This post is by Associate Professor Evonne Miller, Director of QUT Design Lab at Queensland University of Technology in Brisbane, Australia – and one half of the Supervision Whisperers editorial team.
We all have those days – glance at the clock, realise it is 4pm already and there is no chance whatsever of you getting to that PhD students draft today. And it’s been sitting in your in-box, watching and waiting for your attention for nearly 2 weeks now.
And then there is the guilt. I have been working with a just graduated PhD (disclaimer: not my student) on an article. He rang to cancel our Monday meeting… then joked that he would ‘need to cancel 3 meetings’ to match me. I laughed, but felt awful – had I really canceled the last three meetings? It’s possible, as my work with him (to my mind) is outside my core activities and thus I do tend to look at those meetings with more flexible eyes… #!~\^!?’^!! But three meeting cancellations… thats a lot. Darn it!
So.. how do we cope with the relentless demands on our time as an academic.. and not order / bake / buy multiple desserts when stressed? After all, the fact that stressed is desserts spelled backwards has to be a subliminal sign that we need more chocolate mudcake in our lives RIGHT NOW… right?
Well – maybe.
Chocolate always helps – especially if you can eat it with friends, over wine.
But, as well as a rationale for enjoying more desserts, below are two steps that might help all of us wrestle back a little bit of control when we are feeling under pressure and stressed at work. Step 1 is something we all can and should do straight away.. Step 2 will require a little more planning and thought – but we can do this!
Let’s lead by example and show our students how we proactively and positively take steps to manage and reduce workplace stress.
Step 1: Take a deep breath – an immediate, right this second, action
I know, everyone says this – to breathe, and to breathe slowly and deeply. Well, there is a reason: it helps. And it is is something we can do RIGHT NOW, at any time, and it costs nothing.
Try it: Inhale for five seconds; hold and exhale through the nose. Repeat.
Do this a few times and feel your body start to calm down. A few minutes of deep breathing will really help restore balance, focus and calm. As well as calming you down, it might help stop you from impulsive reactions – like calling your colleague an un-informed idiot who should have read your proposal more closely…. instead, breathe and more calmly explain that the answers he is seeking are on the second page, point four. Breathing slowly and consciously – it sounds and is simple, but it really will help us all feel immediately more in control. And, in case you did not know, Hilary Clinton is a massive fan of alternate nostril breathing.. which is like it sounds (see: https://www.theatlantic.com/health/archive/2017/09/how-alternate-nostril-breathing-works/539955/)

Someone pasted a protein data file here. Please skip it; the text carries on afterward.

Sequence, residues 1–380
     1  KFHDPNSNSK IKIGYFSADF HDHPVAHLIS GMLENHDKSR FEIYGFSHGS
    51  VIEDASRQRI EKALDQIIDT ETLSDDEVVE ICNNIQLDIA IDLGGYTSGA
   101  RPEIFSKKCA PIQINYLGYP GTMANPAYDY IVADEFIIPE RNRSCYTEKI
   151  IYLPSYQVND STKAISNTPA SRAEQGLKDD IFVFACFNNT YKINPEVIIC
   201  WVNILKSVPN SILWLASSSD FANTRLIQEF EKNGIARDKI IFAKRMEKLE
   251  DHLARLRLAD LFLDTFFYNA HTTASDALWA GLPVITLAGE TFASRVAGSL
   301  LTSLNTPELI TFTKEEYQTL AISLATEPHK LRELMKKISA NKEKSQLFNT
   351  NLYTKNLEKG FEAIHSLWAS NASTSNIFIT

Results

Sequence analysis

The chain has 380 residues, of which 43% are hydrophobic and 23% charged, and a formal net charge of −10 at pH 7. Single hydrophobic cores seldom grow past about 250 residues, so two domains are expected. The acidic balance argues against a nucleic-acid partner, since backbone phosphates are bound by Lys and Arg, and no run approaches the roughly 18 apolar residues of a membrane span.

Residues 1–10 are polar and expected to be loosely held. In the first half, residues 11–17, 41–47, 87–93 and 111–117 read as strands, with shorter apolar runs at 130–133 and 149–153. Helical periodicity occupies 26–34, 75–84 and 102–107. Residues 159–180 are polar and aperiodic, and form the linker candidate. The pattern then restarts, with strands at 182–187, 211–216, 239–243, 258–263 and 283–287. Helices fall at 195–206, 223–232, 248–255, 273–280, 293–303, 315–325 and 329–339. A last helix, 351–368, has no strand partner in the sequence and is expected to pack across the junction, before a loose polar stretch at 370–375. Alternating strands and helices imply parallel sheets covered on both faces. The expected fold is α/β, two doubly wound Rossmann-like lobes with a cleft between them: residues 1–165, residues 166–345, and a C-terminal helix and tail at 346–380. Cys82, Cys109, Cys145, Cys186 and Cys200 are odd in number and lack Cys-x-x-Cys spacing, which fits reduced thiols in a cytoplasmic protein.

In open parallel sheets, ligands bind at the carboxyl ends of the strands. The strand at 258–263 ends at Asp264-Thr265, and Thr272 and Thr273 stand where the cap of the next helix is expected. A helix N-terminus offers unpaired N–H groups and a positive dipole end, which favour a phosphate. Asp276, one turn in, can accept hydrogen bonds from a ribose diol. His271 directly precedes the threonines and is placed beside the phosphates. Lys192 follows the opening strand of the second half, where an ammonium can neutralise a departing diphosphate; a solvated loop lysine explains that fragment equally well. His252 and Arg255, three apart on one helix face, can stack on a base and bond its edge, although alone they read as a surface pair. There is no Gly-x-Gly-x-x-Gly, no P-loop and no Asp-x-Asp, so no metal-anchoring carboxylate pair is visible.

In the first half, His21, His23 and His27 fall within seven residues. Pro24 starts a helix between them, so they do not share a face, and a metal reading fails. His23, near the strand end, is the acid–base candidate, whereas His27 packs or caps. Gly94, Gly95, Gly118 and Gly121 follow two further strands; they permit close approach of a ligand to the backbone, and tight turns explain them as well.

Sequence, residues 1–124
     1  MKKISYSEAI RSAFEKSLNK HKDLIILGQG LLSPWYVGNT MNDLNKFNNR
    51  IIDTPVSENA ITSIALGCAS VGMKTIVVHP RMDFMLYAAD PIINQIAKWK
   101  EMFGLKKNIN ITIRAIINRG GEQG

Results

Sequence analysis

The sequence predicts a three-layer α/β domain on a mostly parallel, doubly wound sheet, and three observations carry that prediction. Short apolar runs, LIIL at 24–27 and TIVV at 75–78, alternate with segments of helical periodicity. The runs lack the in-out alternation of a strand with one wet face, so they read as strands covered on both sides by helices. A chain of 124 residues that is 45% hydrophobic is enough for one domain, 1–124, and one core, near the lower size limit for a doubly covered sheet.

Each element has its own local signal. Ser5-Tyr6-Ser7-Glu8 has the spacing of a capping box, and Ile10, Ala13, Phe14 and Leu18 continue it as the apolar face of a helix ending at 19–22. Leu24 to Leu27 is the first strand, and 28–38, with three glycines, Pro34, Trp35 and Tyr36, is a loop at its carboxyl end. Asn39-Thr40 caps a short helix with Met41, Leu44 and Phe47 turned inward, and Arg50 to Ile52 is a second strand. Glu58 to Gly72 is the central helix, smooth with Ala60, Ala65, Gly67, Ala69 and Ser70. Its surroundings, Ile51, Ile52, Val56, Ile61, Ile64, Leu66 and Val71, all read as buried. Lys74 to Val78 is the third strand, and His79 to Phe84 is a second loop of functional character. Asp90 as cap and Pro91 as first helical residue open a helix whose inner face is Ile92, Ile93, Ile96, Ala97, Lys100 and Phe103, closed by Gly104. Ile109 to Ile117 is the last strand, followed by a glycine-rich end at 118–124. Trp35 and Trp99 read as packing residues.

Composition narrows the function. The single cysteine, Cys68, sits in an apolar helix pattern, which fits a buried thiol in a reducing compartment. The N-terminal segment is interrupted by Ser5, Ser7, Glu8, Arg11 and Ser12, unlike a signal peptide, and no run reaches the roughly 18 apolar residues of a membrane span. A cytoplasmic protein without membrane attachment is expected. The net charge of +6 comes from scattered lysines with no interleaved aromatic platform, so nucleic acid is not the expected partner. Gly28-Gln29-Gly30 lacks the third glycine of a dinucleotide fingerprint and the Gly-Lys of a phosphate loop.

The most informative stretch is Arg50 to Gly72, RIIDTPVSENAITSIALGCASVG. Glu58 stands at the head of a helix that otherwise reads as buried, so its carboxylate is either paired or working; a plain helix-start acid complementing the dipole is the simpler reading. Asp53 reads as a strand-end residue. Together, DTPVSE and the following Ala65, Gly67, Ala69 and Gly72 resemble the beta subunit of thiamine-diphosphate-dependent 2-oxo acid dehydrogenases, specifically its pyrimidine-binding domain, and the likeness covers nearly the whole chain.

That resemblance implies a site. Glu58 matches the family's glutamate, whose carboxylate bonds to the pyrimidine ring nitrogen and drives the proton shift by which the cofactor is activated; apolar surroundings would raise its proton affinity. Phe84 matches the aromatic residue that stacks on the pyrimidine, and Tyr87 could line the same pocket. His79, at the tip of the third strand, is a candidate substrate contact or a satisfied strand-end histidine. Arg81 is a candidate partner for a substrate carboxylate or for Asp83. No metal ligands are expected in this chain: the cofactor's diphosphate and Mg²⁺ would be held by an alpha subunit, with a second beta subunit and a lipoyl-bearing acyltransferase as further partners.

Step 2: Deliberately integrate play, fun and joy – a longer term action
If we want to enjoy our lives more, and be less stressed, we need to schedule in time for fun – for doing something that makes ‘our soul sing’. We need to choose joy – cheesy, but true! What can we each do regularly – on a daily, weekly basis – that fosters joy, fun and contentment?
One suggestion: how about looking at everything your local university offers and engaging in something that interest you – awhile back, the wonderful onsite theatre company at my university had a matinee session. With a busy week and two young kids, there was no way I could get to the evening show that month… but I took a long lunch break and attended the matinee – alone. As the picture below highlights, it was wonderful, a real enjoyable break and moment out during the workday.. an artful escape from work. That was months ago, a once off – but lets all engage in more joyful, appreciative lives – ideally on a more regular basis: lets carve out some time in our work day / week (or at least monthly) to do something fun and look after our soul!
And – you have to admit – that knowing stressed is desserts spelled backwards has to be the best justification ever for ordering the chocolate mud-cake.. ideally with friends, over coffee or after a movie. So please reframe stress: when you feel it, use it as a reminder to check in with yourself about how you are travelling and whether there are enough ‘desserts’ in your life.. lets use the experience of stress to justify making time for desserts in our lives!
So – please join me in taking some steps away from stress!
What’s your stress-reduction action plan?
Second, schedule in some joy…
All photos taken by Evonne Miller. Image 1 is from a funny retro image calendar I have, with the saying “Stressed is DESSERTS spelled backwards”. Image 2 is wine and chocolate. Image 3 is the set of a wonderful play I escaped to one lunchtime in early 2017: Single Asian Female at La Boîte Theatre Company in Brisbane, Australia (I highly recommend the play).